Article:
Restriction enzymes and T4 DNA ligase were from New England Biolabs. EXT DNA Polymerase and Taq polymerase were from Finnzymes (Epsoo, Finland). Oligonucleotides were synthesized by Thermo Electron GmbH (Ulm, Germany). DNA fragments were purified with the CP-Kit, Gel Extraction Kit or Miniprep Kits from Peqlab (Erlangen, Germany) or Qiagen (Hilden, Germany).
Site-directed mutagenesis was performed using a PCR standard protocol as described elsewhere (Fischer et al., 2003 ). Briefly, the first PCR used a pNCO113 plasmid harbouring the wild-type ribH gene of B. subtilis or a mutated version of the ribH gene (pNCO-BsLS-T118A, pNCO-BsLS-T118A-C93S, pNCO-BsLS-T118A-C93/139S) as template and oligonucleotide pairs M1(+E) and M3(+X) as primers (Table 1 ). The latter oligonucleotide contained a mismatch codon for the introduction of the respective mutation. The second PCR again used the starting plasmid as template and the oligonucleotide pairs M2(ΔE) and M4(+B) as primers. The amplificates from the two PCR steps were mixed and subjected to PCR without additional primers. In the final step, the reaction mixture of step 3 was re-amplified using the oligonucleotides M1(+E) and M4(+B) as primers. The amplificates were purified, digested with EcoRI and BamHI and ligated into plasmid pNCO113, which had been treated with the same restriction enzymes. The ligation mixture was transformed into Escherichia coli XL1 Blue cells. Transformants were selected on LB solid medium supplemented with ampicillin (150 mg l−1). After the selection plasmids had been purified and sequenced (GATC Biotech, Konstanz, Germany), the sequence of the final construct (pNCO-BsLS-D44G-C93/139S-T118A) was deposited in the GenBank sequence database (accession No. EU258474).
The protein was overexpressed in E. coli M15[pREP4] harbouring the plasmid pNCO-BsLS-D44G-C93/139S-T118A. Bacteria were grown aerobically in LB medium containing ampicillin (170 mg l−1) and kanamycin (20 mg l−1) at 310 K to an optical density at 600 nm of about 0.7 and then induced with 2 mM isopropyl β-d-1-thiogalactopyranoside (Bissendorf Biochemicals) for 5 h. Cells were harvested by centrifugation (Sorvall GS3 rotor, 4200g, 15 min, 277 K), washed twice with 0.9% NaCl and stored at 153 K. Frozen cell mass was thawed in 50 mM potassium phosphate pH 7.0 containing 0.5 mM EDTA, 0.5 mM sodium sulfite and 0.02% sodium azide. The suspension was cooled on ice, ultrasonically treated and centrifuged (Beckman 70 Ti rotor, 149 000g, 45 min, 277 K). The supernatant was loaded onto a Q-Sepharose FF (Amersham Pharmacia Biotech) column (3 × 25 cm) equilibrated with 20 mM potassium phosphate pH 7.0. After washing with 100 ml 20 mM potassium phosphate pH 7.0, the protein was eluted with a linear gradient of 0.02–1.0 M potassium phosphate pH 7.0 (total volume 800 ml). Fractions were checked by SDS–PAGE and those containing the recombinant protein were concentrated by ultracentrifugation (Beckman 70 Ti rotor, 18 h, 75 000g, 277 K). The concentrated protein was injected onto a Superdex 200 gel-filtration (Amersham Pharmacia Biotech) column (1.6 × 60 cm) and eluted with 0.1 M sodium/potassium phosphate pH 8.7. Fractions were concentrated to 10 mg ml−1 by ultracentrifugation and the substrate analogue 5-nitro-6-(d-ribitylamino)-2,4(1H,3H)-pyrimidinedione was added to a final concentration of 1 mM.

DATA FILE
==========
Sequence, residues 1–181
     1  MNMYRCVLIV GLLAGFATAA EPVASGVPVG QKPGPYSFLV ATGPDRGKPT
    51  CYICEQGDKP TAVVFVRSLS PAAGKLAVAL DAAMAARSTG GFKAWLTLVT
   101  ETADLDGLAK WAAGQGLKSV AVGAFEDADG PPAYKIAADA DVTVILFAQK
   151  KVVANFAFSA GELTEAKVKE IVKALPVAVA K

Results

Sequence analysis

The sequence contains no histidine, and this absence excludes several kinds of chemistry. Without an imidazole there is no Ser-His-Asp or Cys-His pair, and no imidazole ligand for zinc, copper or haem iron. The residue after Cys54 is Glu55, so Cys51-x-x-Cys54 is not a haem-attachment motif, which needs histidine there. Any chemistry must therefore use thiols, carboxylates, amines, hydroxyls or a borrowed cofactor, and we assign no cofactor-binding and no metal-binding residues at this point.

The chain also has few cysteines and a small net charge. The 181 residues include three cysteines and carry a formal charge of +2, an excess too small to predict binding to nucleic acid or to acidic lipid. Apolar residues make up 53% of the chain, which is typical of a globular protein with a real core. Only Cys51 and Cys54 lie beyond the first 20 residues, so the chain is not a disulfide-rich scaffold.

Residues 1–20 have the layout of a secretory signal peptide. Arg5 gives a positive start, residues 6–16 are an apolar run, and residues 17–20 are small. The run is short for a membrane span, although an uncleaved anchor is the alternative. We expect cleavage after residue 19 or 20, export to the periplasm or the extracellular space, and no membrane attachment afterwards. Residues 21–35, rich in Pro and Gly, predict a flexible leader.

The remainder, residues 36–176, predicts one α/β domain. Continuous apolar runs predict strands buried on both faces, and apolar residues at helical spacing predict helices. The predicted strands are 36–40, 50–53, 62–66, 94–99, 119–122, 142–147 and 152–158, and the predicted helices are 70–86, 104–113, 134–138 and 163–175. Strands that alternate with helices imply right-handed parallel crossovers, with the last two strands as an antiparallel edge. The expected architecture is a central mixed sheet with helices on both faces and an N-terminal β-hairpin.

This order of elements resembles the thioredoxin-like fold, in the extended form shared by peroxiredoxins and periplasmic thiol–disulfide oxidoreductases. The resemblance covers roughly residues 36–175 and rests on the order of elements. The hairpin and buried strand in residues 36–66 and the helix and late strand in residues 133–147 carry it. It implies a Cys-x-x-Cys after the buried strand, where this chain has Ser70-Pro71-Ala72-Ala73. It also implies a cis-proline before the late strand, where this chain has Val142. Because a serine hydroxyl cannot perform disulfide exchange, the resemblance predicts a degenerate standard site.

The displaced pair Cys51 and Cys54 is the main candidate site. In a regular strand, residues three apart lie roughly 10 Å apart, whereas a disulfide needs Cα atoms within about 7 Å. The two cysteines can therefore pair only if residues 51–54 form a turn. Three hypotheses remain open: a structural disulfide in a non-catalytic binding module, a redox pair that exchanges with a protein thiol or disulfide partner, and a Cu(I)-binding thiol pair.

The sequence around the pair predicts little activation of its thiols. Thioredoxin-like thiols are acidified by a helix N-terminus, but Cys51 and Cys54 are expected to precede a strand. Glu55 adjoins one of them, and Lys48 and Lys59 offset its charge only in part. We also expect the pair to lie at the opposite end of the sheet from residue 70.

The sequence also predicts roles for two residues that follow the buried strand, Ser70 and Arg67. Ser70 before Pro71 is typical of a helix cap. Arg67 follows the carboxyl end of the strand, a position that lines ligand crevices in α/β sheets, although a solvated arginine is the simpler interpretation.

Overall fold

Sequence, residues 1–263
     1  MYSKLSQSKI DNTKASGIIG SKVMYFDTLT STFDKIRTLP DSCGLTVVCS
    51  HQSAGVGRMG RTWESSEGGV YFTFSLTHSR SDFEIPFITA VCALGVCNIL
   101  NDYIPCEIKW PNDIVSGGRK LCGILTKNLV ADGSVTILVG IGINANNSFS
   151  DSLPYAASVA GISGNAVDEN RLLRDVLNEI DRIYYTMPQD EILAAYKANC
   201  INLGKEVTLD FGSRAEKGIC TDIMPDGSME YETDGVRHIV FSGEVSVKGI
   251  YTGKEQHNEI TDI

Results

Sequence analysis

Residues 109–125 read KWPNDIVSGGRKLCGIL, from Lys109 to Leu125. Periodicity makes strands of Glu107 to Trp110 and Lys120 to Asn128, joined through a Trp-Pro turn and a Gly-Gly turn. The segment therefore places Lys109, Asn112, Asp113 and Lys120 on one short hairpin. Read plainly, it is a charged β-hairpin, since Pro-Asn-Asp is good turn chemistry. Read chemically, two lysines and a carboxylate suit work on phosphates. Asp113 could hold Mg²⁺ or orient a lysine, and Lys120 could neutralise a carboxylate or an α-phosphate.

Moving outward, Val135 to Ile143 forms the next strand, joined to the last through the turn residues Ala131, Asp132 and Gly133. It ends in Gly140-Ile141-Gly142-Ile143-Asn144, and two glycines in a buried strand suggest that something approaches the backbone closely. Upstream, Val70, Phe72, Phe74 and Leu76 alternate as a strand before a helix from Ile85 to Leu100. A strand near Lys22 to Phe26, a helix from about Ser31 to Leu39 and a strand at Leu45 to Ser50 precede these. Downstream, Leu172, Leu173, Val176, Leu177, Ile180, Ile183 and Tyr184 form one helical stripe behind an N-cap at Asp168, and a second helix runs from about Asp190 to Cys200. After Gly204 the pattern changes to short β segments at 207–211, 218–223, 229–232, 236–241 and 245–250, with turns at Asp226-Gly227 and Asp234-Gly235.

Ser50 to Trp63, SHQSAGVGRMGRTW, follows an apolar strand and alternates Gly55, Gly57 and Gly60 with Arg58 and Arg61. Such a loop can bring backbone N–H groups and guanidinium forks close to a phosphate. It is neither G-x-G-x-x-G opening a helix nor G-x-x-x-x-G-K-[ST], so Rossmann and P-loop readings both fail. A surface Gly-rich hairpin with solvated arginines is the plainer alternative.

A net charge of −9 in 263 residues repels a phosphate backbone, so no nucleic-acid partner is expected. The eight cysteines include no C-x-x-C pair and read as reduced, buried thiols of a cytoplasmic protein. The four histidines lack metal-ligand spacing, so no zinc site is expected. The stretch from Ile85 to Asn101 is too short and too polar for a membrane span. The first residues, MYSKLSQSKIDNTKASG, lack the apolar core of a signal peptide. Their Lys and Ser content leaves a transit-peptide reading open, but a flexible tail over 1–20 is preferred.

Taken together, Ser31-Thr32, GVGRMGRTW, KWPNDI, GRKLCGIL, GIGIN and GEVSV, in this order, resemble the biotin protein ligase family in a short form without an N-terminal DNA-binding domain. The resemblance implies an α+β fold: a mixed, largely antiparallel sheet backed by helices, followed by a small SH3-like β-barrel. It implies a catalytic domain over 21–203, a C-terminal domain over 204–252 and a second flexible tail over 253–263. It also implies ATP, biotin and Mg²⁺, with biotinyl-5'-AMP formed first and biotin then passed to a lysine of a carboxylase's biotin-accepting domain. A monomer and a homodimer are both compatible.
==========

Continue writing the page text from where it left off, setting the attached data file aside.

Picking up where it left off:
Crystallization conditions were screened by the sitting-drop vapour-diffusion method using sparse-matrix screens (Jancarik & Kim, 1991 ) based on Crystal Screens I and II (Hampton Research). Crystals for X-ray diffraction were grown in Cryschem plates (Hampton Research) from 10 µl droplets containing 5.4 mg ml−1 protein solution and 1.5 M ammonium sulfate in 0.2 M Tris–HCl pH 8.5. Evaporation of the droplet was minimized using 1 ml 1.5 M ammonium sulfate as reservoir.
Data were collected on ESRF beamline BM16 using an ADSC Q210R detector placed 154 mm from a single crystal (0.4 × 0.3 × 0.4 mm; 0.048 mm3) cryoprotected by soaking in 0.2 M Tris–HCl pH 8.5, 1.5 M ammonium sulfate and increasing concentrations of glycerol up to 12%(v/v). The oscillation angle was 0.25° and the exposure time was 30 s per frame. Data were processed with the XDS software package (Kabsch, 1988 , 1993 ) following a forward-directed search strategy (Kabsch, 1993 ). The reduced cell was determined without imposing symmetry or unit-cell parameters and the resulting cell was compared with all 44 possible lattices and indexed in P1. Diffraction parameters and the unit cell were refined in R3, the space group with the highest likelihood of being correct according to XDS, and the data set was re-indexed in R3 and scaled with XSCALE. Overloads and incomplete reflections, i.e. reflections with an intensity estimate at profile fitting of less than 75% of the observed intensity, were rejected. Based on the Matthews probability calculator (Kantardjieff & Rupp, 2003 ) and the internal symmetry of the capsid, the V M was estimated as 2.59 Å3 Da−1, which corresponds to 16 pentamers per asymmetric unit.